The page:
“I shall see Him, but not now: I shall behold Him, but not nigh: there shall come a Star out of Jacob, and a Sceptre shall rise out of Israel, and shall smite the corners of Moab, and destroy all the children of Sheth” (Numbers 24:17).
A parable is not an illustrative story, as most people think, but a “dark saying” (note Psalm 78:2) designed to reveal some hidden truth only to those who are prepared to understand (note Jesus’ assertion in Matthew 13:10–17).
The first reference in the Bible to parables is in connection with the seven parables of the false prophet Balaam (Numbers 23:7,18; 24:3,15,20,21,23). The central parable of these seven verses is the one in our text speaking of a mysterious Star out of Jacob and a Sceptre out of Israel, both the Star and the Sceptre representing a great person coming in the far future, destined both to guide and to rule all nations.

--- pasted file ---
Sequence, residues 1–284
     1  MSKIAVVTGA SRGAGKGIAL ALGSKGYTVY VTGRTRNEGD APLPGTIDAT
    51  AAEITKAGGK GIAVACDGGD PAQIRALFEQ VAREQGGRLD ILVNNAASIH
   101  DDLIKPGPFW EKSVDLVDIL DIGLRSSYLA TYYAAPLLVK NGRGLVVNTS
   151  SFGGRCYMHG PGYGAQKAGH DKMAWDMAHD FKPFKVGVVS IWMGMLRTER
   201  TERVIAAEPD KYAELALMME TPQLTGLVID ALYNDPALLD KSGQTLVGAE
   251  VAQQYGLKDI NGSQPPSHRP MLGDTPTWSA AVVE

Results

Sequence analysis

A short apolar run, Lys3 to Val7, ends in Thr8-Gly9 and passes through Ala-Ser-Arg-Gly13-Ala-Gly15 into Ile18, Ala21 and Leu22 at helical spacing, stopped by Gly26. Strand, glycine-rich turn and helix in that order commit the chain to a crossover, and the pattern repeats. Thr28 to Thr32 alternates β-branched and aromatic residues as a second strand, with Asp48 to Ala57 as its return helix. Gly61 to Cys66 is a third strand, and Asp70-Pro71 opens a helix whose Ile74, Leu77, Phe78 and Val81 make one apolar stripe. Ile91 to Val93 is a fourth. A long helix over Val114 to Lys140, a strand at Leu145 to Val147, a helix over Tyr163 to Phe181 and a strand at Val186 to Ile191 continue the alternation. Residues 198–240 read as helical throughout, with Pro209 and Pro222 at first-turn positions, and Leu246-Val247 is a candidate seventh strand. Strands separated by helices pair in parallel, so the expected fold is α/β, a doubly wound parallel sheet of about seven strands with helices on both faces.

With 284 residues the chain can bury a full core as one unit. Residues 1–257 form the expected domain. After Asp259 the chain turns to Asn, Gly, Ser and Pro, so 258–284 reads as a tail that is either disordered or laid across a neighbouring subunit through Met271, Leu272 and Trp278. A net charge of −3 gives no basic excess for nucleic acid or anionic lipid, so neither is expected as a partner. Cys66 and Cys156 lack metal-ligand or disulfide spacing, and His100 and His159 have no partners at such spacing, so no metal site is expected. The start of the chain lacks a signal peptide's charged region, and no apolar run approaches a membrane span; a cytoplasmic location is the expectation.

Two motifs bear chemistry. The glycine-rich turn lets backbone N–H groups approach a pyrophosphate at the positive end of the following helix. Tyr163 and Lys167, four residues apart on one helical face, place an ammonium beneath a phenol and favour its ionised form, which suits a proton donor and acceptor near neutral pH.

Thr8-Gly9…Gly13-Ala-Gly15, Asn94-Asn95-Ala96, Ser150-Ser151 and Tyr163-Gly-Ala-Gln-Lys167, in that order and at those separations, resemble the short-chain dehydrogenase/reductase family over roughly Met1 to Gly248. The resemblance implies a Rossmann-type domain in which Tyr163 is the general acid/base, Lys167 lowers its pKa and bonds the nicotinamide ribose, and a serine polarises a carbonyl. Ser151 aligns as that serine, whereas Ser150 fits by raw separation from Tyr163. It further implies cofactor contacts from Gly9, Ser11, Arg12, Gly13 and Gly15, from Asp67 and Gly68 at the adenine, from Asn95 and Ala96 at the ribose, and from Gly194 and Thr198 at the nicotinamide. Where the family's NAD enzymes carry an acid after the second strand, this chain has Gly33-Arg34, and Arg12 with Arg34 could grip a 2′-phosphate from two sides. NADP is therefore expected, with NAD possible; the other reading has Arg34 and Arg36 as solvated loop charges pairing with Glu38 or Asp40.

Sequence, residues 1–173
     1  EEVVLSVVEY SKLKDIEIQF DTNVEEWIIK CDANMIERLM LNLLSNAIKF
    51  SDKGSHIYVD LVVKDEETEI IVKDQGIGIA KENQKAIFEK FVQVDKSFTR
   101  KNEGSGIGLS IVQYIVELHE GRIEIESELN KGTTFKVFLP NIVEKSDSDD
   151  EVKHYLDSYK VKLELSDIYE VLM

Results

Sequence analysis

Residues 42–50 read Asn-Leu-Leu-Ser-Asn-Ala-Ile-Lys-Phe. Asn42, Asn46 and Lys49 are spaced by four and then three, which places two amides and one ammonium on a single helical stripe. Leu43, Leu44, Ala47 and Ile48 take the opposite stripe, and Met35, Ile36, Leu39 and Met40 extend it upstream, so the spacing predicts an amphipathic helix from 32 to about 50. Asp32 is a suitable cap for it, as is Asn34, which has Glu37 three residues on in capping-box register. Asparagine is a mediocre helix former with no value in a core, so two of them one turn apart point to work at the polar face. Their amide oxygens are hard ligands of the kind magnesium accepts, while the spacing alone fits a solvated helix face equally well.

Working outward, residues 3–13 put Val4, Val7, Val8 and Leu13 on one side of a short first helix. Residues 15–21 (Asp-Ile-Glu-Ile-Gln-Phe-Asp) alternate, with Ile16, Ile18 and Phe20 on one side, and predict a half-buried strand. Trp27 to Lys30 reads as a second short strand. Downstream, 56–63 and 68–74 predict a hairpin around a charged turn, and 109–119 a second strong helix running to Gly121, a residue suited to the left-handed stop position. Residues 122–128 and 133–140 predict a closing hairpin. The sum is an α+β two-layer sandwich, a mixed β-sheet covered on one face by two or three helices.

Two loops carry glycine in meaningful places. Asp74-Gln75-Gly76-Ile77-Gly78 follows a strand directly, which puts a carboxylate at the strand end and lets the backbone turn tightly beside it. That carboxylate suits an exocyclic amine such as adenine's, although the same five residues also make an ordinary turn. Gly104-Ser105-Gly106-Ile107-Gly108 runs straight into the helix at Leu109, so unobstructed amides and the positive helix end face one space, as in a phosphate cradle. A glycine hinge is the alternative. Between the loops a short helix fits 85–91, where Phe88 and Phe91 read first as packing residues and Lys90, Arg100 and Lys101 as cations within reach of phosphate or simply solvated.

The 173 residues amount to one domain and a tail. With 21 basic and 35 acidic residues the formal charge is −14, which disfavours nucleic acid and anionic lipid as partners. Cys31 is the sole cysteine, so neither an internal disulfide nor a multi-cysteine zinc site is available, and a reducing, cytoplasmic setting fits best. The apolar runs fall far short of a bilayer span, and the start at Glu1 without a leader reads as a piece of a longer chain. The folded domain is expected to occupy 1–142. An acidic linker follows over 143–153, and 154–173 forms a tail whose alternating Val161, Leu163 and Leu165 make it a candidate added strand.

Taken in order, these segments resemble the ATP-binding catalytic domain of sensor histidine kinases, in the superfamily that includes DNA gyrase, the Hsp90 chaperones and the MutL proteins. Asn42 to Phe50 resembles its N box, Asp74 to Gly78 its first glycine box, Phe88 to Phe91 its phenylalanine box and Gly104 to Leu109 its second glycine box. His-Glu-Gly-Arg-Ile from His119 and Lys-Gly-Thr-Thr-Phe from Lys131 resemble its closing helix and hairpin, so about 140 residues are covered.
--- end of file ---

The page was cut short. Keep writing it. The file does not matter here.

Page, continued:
The wise men of the East somehow recognized His star rising, and came seeking the King. The star they saw, appearing perhaps in one of the constellations long associated by ancient peoples with the primeval promise of a coming redeemer/king—was but a type of the true “bright and morning star” (Revelation 22:16) and the “day star” that one day shall “arise in your hearts” (II Peter 1:19), that “light of the world” (John 8:12) who would be “the light of life” for all people who follow Him in faith.
He is also the Sceptre, the King of all kings, that “rod of iron” by which all nations must one day be ruled (Revelation 19:15) in righteousness. The babe in Bethlehem became the suffering servant on the cross, then rose from the grave like a bright and morning star out of the darkness and will also very soon be acknowledged as “the blessed and only Potentate, the King of kings, and Lord of lords” (I Timothy 6:15). HMM